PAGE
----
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PMI CAPM Practice Test Questions, PMI CAPM Exam Dumps

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Master Project Integration Management for the CAPM Exam

1. Section Overview

We're now ready to go into a section about project integration management. This is chapter four in the Pinball Manual. This is one of the biggest knowledge areas. In fact, it's the only knowledge area that has a process in every process group and involves initiating, planning, executing, monitoring, controlling, and closing. So, project integration management is a pretty significant part of your exam. What is project integration management? It's basically that the actions that you take in one part of your project will affect all other parts of your project. In this section we're going to talk about, first off, choosing a project. Even before a project begins,we think about opportunities. Why are we doing this project? Is the problem solved as a customer requested? Is it an opportunity? Is it to make more money or to reduce costs and drive revenue? Reduce costs is a fairly common reason for undertaking a project. We're also going to look at some of our first formulas. Here is a little bit of math on the future value of money that predicts what the money we have today will be worth in the future. So this helps us to make a decision as to whether we should invest in a project, so that's present value, and then we also look at future value. So we have present value, which is what some amount in the future is worth today. And then we have future value; what some amount today will be worth in the future. So that little formula there, they're very similar. It's just, are you reducing or are you multiplying? So we'll take a look at that. In this section, you'll also get an introduction to a couple of other time value of money formulas. You don't have to know these formulas, but you should be familiar with concepts like present value and internal rate of return. In this section we're going to talk about developing the project charter, one of the first things you do in a project. This will help us to authorise the project, get us going, and get the project manager the resources that she needs to launch the project and be in charge of the project. We'll talk about the business case and then that will set us up once we have the charter to go and develop the project management plan, where the plan is our intention of what we want to do. Once we have a plan, then we move into executing to direct and manage the work. And so some actions and execution that are taking actions to get things done in tandem with execution. We do monitoring and controlling. So we will monitor and control the project work. This is also where a really important exam topic will be covered, and that is to perform integrated change control. So we're going to talk about what is integrated changecontrol and how we go about doing it. A theme that you'll see throughout this course is to manage project change. So we're going to talk about scope creep and gold plating. Something to look forward to And then our last process in this section is to closeout the project or phase, so you can see it's. There is a lot of information here. I'm not going to Terry, in our introduction,you've got an idea of what's coming. Let's get ready and hop in and learn all about project integration management. Keep going. You're doing great.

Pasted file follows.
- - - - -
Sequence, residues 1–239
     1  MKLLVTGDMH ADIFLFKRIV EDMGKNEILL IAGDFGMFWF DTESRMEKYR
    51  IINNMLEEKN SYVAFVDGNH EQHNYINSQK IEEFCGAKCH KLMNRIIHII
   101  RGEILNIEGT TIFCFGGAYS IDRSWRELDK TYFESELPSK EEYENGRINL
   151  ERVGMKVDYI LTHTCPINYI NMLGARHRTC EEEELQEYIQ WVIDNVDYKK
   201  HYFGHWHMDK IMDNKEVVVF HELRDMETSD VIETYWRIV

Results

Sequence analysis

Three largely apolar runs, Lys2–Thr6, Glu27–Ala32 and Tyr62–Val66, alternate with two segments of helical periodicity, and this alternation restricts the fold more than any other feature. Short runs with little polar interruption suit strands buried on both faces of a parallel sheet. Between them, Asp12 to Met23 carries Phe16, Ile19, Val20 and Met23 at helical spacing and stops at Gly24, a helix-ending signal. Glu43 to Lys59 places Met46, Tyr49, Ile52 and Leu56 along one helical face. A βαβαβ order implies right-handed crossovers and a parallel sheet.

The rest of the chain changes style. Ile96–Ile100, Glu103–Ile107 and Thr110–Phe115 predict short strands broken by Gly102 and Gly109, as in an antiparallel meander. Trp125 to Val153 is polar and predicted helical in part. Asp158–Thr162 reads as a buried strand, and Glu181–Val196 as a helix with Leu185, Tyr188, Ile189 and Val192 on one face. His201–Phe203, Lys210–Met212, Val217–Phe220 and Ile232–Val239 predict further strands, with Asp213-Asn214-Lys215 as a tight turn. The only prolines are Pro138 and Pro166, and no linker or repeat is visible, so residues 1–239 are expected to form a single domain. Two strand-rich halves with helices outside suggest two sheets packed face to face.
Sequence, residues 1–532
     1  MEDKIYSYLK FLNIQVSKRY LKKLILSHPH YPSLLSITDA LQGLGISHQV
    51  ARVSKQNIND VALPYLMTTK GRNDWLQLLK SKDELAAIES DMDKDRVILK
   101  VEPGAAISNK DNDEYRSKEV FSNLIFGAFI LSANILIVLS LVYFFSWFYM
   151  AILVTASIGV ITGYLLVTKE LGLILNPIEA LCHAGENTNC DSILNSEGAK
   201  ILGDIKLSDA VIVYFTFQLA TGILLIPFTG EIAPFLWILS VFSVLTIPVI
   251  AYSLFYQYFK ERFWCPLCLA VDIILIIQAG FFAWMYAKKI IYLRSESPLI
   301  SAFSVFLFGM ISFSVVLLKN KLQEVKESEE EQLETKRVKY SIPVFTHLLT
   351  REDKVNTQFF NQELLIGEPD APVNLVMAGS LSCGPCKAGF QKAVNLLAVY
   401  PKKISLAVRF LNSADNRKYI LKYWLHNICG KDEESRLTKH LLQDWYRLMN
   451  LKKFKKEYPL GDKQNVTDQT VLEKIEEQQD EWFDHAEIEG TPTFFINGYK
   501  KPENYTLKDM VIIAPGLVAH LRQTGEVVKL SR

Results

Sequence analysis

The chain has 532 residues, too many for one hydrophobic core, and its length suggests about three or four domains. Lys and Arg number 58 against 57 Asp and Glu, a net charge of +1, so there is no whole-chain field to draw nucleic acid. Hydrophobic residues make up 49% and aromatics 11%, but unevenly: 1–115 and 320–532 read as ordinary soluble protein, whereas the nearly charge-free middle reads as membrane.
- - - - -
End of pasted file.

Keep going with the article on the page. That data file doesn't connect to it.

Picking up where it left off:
2. Master Project Integration Management